( Lavender - member of the Labiatae family )
Lavandula multifida canariense (California Lavendar)
Lavendar is a shrubby plant that is indigenous to countries located on the western Mediterranean mountains.
However it is now grown and cutivated all over the world, especially in France and England for its aromatic
flowers. Lavendar is cultivated mostly for purfumery but is also used to some extent medicinally through the
use of its essential oil.
These are just some of the major varieties from which many cultivars and hybrids have been spawned.
- Lavandula angustifolia (Common lavendar, English lavendar)
It has the sweetest aroma.
It has long, thin silver-gray leaves and pale lavender-blue blooms.
It blooms continuously from Spring through Summer.
It is thought to be the 'hardiest of all lavenders', surviving temperatures below 15°F.
It yields the best quality Lavender oils.
- Lavandula vera (English lavendar)
Older recognized name for L. angustifolia.
- Lavandula spika (English lavendar)
Another recognized name for L. angustifolia.
- Lavandula dentata (French lavendar (US) also known as Spanish lavendar)
Has long, narrow leaves that are toothed along the edges.
The aromatic scent of the foliage is a combination of a rosemary/lavender fragrance.
The flower spikes are short and dense,
with very short bracts near the top which as sterile.
- Lavandula stoechas (Spanish lavendar)
Displays purple flowers with small purple bracts at the tips.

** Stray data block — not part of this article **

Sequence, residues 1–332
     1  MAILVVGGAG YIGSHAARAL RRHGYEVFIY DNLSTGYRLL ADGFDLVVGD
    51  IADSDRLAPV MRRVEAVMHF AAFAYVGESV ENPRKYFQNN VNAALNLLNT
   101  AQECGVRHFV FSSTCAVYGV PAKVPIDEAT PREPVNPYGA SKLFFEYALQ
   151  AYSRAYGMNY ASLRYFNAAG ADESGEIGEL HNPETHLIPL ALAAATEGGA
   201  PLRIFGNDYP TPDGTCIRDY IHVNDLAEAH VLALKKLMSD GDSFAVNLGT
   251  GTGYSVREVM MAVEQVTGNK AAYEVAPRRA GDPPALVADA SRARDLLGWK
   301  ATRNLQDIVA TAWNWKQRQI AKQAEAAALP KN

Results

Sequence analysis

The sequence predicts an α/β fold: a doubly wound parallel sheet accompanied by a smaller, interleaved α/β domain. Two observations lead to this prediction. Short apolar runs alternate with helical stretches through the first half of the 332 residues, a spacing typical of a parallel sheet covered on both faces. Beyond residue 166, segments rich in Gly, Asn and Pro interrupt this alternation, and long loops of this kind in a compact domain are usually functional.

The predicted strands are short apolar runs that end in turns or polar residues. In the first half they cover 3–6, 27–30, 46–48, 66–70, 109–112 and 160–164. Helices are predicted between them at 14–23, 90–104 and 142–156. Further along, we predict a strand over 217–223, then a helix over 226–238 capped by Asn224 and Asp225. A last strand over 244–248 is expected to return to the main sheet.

It has gray-green downy leaves and a camphor-rosemary scent
- Lavandula x intermedia (Lavadin)
This is a natural hybrid of L. angustifolia and L. Latifolia.
It is just as hardy as L. angustifolia and yields a larger amount but a lesser quality of essential oil.
Its aromatic scent has a slightly camphoraceous lavendar odor.
- Lavandula lanata (Woolly lavendar)
It has long spikes of bright purple flowers, dense white woolly leaves.
Its aroma has a balsam-lavendar scent.
Grown mainly as an aromatic ornamental plant.
- Lavandula multifida (Branched lavendar)
This is an open, small shrub with fernlike gray-green foliage that is sparsely covered with hairs.
It has dark violet-blue blooms in a modified, tight pitchfork form.
It blooms most of year.
- Lavandula multifida canariense (California Lavendar)
This variety has deeply lobed gray-green leaves (without the coarse hairs of L. multifida).
It has tall flower spikes approxiamately 12"-20" with rich blue-violet 2-3 pronged pitchfork blooms.
It blooms from Spring through Fall.
This plant is easily found in California nurserys and may be under many different names.
- Lavandula virdis (Green lavendar)
This variety has a lemon scented aroma.
It is grown mainly as an unusual aromatic herb.
- Lavandula x allardii (giant lavendar - African Pride)
This variety has a strong champhoraceous scented aroma.
It is grown mainly for use in potpourris and the essential oil is used in perfumes in So. Africa.
Infusion: 1 oz of flower per pint of water, but is typically used with other herbs as
a flavoring. It also blends well with chamomile.
- Volitile oils, including linalyl acetate, cineole, linalool, nerol, and borneol
- Conterindicated in pregnancy due to its emmenagogue effects
- Can be used to aid in childbirth
- Stimulates blood flow (emmenagogue)
- Relieves muscle spasms
- Has been added to smelling salts for centuries as a remedy for light headedness and fainting